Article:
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How can I save a Stata dataset so that it can be read by a previous version of Stata?

Title   Reading a Stata dataset with an older version of Stata
Author Shannon Driver, StataCorp
Date August 1999; updated September 2011

The format sometimes changes between releases to allow for new features. This format change can cause problems when two colleagues are working on a project and one of them has not upgraded to the latest release. For example, when a Stata 10 user tries to open a Stata 12 dataset from a colleague, they are presented with an error,

        . use auto.dta
        file auto.dta from a more recent version of Stata
        r(610);

There is, however, an easy solution to this problem. First, Stata 11 can read Stata 12 datasets, and Stata 10 can read Stata 11 datasets. Also, since Stata 4, StataCorp has provided a way to save your dataset so it can be read by the previous version of Stata. That is, you can save Stata 12 datasets so they can be read by Stata 8 through Stata 10. Stata 11 or Stata 10 datasets can be saved so they can be read by Stata 8 or Stata 9 (Stata 8 and Stata 9 share the same dataset format). Stata 8 or Stata 9 datasets can be saved so they can be read by Stata 7. Stata 7 datasets can be saved so they can be read by Stata 6, and so on down to Stata 4 datasets, which can be saved so that Stata 3.1 can read them.


Saving datasets in Stata 12 so they can be read by Stata 11

Stata 11 can read Stata 12 datasets, so you do not need to do anything special:

        . save auto
        file auto.dta saved

Saving datasets in Stata 12 so they can be read by Stata 8, Stata 9, or Stata 10

To save a dataset in Stata 12 so that it can be used in any of Stata 8 through Stata 10, use the saveold command.

        . saveold autoold
        file autoold.dta saved

Saving datasets in Stata 10 or Stata 11 so they can be read by Stata 8 or Stata 9

To save a dataset in Stata 10 or Stata 11 so that it can be used in Stata 8 or Stata 9, use the saveold command.

        . saveold autoold
        file autoold.dta saved

Saving datasets in Stata 9 so they can be read by Stata 8

Stata 8 and Stata 9 datasets have the same format. Therefore, a dataset saved in Stata 9 can be used in Stata 8 with no problems or extra work.

The only issue related to this is that Stata 9 allows value labels to be up to 32,000 characters long. If Stata 8 tries to read a Stata 9 dataset with value labels that exceed the Stata 8 limit (244 for Stata/SE; 80 for Stata Intercooled), Stata 8 will ignore those labels and read the rest of the dataset.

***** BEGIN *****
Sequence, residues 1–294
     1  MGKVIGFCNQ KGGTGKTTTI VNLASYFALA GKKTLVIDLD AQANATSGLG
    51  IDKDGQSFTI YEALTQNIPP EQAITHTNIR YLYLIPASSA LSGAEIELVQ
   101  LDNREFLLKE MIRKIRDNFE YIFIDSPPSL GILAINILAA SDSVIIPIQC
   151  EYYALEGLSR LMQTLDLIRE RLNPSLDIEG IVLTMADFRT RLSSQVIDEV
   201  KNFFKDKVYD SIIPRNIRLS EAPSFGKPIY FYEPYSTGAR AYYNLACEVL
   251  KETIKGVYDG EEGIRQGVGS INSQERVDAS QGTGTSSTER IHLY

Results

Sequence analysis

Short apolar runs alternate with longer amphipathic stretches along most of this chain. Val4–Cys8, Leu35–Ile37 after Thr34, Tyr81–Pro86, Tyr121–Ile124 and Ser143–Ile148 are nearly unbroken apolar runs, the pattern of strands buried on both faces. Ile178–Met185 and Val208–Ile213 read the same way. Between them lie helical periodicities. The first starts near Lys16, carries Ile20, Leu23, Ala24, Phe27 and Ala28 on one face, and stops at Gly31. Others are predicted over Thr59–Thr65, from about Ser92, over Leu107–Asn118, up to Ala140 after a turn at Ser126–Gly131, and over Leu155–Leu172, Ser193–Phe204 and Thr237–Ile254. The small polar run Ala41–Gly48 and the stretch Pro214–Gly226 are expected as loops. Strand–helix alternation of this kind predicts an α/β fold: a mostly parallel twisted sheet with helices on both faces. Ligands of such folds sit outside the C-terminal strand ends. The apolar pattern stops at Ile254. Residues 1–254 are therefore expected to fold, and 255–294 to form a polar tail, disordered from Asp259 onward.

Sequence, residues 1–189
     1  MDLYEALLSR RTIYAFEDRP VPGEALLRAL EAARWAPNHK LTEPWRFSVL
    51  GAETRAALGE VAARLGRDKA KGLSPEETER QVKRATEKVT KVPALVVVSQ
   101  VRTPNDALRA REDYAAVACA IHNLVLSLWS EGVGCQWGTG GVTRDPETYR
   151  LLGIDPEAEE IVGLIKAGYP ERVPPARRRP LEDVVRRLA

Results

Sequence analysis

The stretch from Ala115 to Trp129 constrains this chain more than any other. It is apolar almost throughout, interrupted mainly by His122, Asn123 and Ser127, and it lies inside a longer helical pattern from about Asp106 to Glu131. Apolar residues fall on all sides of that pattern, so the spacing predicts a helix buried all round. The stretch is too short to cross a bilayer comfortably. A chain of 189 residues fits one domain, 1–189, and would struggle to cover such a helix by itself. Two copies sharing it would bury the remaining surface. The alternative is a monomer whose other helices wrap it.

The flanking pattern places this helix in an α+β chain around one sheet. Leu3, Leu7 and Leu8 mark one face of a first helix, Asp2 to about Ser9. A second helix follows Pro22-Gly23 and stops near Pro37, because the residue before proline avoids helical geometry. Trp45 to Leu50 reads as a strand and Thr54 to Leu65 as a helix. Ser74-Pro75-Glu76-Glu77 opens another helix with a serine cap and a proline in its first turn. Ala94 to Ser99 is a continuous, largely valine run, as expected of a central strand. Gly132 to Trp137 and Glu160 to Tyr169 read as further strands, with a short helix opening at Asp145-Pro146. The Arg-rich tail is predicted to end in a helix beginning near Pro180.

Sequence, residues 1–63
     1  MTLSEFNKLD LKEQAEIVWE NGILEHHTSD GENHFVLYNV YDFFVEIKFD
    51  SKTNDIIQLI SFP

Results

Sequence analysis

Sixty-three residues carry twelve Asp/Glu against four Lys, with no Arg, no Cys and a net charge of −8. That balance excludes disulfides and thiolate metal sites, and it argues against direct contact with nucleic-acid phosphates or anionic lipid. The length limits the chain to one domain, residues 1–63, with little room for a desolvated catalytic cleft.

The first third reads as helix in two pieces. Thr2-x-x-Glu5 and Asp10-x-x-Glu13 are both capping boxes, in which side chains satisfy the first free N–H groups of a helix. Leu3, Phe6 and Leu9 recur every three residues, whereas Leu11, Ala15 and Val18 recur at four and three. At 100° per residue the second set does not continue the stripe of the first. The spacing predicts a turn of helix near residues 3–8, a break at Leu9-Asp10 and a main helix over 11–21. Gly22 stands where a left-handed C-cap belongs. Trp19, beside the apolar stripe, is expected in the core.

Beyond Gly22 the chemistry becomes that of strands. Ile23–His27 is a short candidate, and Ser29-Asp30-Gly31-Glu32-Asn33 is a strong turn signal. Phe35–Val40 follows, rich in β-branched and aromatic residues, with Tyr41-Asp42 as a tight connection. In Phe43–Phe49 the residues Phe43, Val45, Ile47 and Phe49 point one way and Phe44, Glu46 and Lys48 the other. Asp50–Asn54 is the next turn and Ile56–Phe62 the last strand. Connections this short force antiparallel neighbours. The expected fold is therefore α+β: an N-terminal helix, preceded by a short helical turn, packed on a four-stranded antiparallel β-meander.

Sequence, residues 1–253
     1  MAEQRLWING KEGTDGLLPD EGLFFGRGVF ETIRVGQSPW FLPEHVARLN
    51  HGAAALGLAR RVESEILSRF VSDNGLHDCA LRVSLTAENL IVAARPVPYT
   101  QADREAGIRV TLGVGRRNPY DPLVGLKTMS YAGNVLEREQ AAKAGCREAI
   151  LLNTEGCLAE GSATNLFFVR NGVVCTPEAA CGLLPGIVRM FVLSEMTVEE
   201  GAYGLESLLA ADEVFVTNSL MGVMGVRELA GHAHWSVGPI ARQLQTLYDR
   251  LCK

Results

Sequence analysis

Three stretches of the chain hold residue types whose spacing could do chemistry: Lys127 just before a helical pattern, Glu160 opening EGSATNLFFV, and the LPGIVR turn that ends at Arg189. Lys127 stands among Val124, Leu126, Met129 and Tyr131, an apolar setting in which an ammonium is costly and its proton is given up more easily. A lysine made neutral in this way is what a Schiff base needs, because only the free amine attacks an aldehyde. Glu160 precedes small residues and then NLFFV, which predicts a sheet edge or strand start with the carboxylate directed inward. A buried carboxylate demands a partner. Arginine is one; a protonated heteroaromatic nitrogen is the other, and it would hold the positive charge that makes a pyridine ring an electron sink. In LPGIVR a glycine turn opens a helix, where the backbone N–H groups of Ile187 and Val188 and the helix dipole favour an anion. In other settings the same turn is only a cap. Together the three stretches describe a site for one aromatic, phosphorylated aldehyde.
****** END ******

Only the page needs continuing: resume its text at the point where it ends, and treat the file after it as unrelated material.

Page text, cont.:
Saving datasets in Stata 8 or Stata 9 so they can be read by Stata 7

To save a dataset in Stata 8 or Stata 9 so that it can be used in Stata 7, use the saveold command.

        . saveold auto7
        file auto7.dta saved

Saving datasets in Stata 4 to Stata 7 so they can be read by the previous version

To save a dataset in Stata 4, 5, 6, or 7 so that it can be read by the previous version, use the save command with the old option.

        . save auto6, old
        file auto6.dta saved

The old option in Stata 7 will not automatically truncate long variables or label names. This must be dealt with in one of two ways. You can either rename the variables and labels by hand or use Stat/Transfer to translate the datasets. The second suggestion is very handy if you have many variables.

Also, if any of your variables have value labels and the name of the value label is longer than 8 characters, you must either drop or rename those value labels.

        . label list
        origin:
                  0 Domestic
                  1 Foreign

        . label save origin using mylabel.do
        file mylabel.do saved

This command will produce a do-file called mylabel.do with the following commands:

        -------------------------------------------------mylabel.do
        label define origin 0 `"Domestic"', modify
        label define origin 1 `"Foreign"', modify
        -------------------------------------------------mylabel.do
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